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Surprising Science

What the Emotional Lives of Animals Tell Us About Our Own

The computational theory of the mind, which has come to dominate academic and popular circles, is increasingly inadequate to explain human behavior given what we know about animals.

What’s the Latest Development?

The computational theory of mind, which guesses that the brain works similarly to a personal computer, has come to dominate academic as well as popular circles. While the theory does not seem incorrect to (evolutionary) biologists, the concept of “the brain as microchip” is increasingly viewed as inadequate given what we know about the emotional lives of animals. Simply put, emotions like fear, pleasure, care, jealousy and so on are as essential to lions navigating the African savanna as they are to humans navigating job interviews and romantic relationships.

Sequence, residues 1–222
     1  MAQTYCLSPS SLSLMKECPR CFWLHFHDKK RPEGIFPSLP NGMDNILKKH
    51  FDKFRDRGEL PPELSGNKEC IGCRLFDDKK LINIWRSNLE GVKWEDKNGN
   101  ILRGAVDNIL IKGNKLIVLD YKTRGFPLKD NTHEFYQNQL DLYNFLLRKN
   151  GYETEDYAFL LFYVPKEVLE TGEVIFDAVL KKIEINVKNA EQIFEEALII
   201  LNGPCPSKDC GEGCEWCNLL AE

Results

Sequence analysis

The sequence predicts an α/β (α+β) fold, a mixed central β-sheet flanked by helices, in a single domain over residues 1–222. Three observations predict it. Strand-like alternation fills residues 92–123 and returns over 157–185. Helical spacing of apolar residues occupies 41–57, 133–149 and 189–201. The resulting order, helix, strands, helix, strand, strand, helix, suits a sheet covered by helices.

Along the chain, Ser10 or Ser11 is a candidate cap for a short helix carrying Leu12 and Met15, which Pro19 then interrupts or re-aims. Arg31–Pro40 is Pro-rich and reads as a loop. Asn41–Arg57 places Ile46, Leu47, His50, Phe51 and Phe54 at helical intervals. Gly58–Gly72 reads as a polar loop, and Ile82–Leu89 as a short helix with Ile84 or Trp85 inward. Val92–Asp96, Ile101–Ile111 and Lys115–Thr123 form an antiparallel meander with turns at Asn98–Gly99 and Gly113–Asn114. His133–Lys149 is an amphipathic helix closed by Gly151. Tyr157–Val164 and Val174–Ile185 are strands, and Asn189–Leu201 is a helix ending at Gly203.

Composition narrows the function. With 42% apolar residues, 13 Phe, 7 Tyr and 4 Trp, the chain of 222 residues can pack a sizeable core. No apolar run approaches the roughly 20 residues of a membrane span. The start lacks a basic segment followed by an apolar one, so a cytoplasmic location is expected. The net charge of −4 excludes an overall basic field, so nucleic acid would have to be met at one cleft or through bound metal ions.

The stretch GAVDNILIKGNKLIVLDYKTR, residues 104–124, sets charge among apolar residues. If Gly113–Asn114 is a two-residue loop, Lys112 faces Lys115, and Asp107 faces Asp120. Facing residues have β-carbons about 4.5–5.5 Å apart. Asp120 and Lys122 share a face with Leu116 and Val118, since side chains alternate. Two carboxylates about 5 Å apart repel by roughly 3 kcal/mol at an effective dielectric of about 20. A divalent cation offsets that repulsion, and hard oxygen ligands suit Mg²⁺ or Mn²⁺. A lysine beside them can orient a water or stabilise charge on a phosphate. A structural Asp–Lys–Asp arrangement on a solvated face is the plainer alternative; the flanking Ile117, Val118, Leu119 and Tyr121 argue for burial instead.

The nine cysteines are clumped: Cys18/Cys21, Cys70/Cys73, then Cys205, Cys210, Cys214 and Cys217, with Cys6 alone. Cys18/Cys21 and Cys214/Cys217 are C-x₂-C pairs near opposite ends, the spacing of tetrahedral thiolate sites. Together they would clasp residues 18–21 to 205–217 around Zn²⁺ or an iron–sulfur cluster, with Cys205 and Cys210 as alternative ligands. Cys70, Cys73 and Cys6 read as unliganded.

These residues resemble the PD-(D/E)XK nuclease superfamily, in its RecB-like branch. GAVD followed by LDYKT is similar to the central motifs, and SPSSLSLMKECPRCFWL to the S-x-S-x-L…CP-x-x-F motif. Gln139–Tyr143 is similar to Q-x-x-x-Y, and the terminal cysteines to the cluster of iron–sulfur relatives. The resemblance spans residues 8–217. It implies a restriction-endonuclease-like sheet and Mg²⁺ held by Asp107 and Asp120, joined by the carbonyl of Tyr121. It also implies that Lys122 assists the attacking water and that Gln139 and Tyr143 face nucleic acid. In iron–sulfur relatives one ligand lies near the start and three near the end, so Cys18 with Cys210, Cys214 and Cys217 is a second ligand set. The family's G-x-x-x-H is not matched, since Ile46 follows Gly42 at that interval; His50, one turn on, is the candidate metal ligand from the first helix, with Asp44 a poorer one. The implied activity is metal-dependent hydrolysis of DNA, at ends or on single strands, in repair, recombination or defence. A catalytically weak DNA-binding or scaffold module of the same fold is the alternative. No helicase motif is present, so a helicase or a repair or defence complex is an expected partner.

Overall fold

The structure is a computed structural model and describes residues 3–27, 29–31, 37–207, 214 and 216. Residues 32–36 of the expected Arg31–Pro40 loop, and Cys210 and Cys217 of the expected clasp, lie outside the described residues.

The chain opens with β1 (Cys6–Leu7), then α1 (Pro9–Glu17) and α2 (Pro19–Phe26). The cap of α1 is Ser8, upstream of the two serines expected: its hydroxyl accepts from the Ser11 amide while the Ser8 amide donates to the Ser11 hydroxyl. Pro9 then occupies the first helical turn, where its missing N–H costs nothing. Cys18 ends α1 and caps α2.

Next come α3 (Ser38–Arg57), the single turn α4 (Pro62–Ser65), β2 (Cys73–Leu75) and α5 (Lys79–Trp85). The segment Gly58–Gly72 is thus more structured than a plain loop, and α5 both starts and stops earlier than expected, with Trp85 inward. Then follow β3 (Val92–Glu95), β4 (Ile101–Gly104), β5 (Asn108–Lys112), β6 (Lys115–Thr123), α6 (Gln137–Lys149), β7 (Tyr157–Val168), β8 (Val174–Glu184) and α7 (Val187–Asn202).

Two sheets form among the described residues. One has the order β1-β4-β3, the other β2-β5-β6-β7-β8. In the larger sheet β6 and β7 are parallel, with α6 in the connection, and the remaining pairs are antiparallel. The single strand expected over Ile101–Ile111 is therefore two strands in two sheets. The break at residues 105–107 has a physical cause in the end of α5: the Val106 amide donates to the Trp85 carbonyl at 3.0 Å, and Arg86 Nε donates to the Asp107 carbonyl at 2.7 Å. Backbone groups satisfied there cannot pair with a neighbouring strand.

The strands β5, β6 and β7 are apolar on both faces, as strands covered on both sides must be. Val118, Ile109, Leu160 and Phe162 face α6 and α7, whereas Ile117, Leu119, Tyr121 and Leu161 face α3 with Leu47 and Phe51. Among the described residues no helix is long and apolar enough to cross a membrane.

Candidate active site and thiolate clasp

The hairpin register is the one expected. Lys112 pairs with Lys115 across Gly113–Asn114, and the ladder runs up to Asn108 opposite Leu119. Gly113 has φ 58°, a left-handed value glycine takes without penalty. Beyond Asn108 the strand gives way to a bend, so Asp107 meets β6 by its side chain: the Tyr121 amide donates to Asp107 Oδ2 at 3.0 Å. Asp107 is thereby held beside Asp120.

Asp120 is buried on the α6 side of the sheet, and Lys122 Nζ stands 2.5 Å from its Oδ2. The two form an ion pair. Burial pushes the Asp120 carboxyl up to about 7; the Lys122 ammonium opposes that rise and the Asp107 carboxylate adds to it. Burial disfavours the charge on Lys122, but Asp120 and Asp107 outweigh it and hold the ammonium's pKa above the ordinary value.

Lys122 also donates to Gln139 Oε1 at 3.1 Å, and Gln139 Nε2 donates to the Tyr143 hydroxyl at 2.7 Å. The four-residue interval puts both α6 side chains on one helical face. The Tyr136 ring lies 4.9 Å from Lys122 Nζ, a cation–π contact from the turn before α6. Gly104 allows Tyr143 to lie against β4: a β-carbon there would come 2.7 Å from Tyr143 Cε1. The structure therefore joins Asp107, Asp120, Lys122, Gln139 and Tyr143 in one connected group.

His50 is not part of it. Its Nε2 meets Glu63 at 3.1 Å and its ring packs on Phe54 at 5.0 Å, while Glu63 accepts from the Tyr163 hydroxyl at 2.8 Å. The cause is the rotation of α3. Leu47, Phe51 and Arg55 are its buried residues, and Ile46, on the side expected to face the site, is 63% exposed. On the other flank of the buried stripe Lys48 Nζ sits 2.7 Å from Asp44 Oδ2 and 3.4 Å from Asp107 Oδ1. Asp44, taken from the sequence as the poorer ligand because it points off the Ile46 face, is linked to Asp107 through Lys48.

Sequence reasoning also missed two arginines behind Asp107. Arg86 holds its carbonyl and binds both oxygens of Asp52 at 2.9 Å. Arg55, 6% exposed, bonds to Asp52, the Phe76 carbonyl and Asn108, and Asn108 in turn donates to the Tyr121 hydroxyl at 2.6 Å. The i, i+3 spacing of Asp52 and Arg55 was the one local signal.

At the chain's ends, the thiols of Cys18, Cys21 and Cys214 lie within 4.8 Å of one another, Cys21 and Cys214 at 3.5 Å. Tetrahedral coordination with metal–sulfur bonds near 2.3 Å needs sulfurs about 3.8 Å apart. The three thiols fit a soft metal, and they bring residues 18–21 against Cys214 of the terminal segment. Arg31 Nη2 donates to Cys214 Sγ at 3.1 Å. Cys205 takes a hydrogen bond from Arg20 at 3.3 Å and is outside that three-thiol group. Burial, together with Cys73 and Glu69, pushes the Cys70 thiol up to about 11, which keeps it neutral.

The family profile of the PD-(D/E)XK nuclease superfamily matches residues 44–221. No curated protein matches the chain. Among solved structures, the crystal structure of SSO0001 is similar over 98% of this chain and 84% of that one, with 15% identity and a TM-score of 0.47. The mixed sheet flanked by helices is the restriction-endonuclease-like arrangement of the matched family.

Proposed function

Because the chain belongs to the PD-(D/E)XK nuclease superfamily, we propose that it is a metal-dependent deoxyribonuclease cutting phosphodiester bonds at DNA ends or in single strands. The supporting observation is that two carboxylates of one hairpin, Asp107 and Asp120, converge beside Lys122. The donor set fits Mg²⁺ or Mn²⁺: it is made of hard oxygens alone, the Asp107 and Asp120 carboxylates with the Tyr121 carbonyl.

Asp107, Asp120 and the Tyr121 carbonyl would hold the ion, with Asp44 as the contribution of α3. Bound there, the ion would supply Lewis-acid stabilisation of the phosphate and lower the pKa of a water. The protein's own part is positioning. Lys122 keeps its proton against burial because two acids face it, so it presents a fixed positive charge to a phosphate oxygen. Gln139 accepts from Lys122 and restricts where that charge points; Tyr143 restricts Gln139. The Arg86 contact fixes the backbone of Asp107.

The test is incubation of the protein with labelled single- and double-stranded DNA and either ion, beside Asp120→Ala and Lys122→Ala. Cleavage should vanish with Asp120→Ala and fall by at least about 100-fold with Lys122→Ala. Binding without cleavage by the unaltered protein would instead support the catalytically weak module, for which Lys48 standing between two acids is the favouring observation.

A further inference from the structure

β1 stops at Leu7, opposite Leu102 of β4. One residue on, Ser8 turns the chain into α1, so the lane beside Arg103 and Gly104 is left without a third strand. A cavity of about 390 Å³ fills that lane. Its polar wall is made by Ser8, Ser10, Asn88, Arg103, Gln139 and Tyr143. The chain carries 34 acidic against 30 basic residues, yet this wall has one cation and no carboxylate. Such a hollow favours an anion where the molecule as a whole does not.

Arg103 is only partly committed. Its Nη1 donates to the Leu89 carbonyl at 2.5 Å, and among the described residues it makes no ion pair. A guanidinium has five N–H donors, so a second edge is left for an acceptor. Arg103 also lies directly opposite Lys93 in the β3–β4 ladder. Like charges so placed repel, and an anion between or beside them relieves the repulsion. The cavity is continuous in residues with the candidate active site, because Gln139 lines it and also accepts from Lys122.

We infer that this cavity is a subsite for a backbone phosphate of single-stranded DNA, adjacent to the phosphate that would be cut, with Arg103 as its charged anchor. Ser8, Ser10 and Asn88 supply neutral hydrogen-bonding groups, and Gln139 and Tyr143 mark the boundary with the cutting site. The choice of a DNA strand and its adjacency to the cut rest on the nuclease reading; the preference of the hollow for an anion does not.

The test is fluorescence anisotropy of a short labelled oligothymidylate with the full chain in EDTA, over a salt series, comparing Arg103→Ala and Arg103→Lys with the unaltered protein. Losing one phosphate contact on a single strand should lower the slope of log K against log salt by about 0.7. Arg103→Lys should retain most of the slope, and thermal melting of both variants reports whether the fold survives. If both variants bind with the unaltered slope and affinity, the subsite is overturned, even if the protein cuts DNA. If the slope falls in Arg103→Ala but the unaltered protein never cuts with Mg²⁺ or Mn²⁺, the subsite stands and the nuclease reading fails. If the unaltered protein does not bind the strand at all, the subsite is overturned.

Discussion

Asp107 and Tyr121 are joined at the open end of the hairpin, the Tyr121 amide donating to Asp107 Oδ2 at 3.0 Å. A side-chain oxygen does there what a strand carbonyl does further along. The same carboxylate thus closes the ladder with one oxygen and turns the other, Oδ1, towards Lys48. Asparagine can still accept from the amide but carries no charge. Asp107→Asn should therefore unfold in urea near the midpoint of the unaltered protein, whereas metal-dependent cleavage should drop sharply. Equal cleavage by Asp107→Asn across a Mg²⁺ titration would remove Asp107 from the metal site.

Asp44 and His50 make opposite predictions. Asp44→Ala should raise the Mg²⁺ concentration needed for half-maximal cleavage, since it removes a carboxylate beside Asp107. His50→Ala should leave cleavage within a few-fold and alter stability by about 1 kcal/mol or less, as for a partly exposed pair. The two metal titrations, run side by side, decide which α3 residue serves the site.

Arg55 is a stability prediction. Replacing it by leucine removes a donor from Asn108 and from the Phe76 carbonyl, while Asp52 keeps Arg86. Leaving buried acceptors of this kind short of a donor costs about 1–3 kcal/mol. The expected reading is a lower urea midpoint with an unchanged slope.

What’s the Big Idea?

The emergence of language in humans, i.e. our ability to manipulate arbitrary and abstract signs to indicate physical objects, paralleled the rise of computational minds somewhere between 30,000 and 200,000 years ago. “Compare those 200,000 years of language-based cognitive life with approximately 200 million years (the late Triassic) of emotional life. Some 200 million years ago is when mammals first began to emerge, and this is when the rudimentary emotional systems of lust, aggression, seeking, care, panic and so on began their rise to dominance.”

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Read it at Aeon


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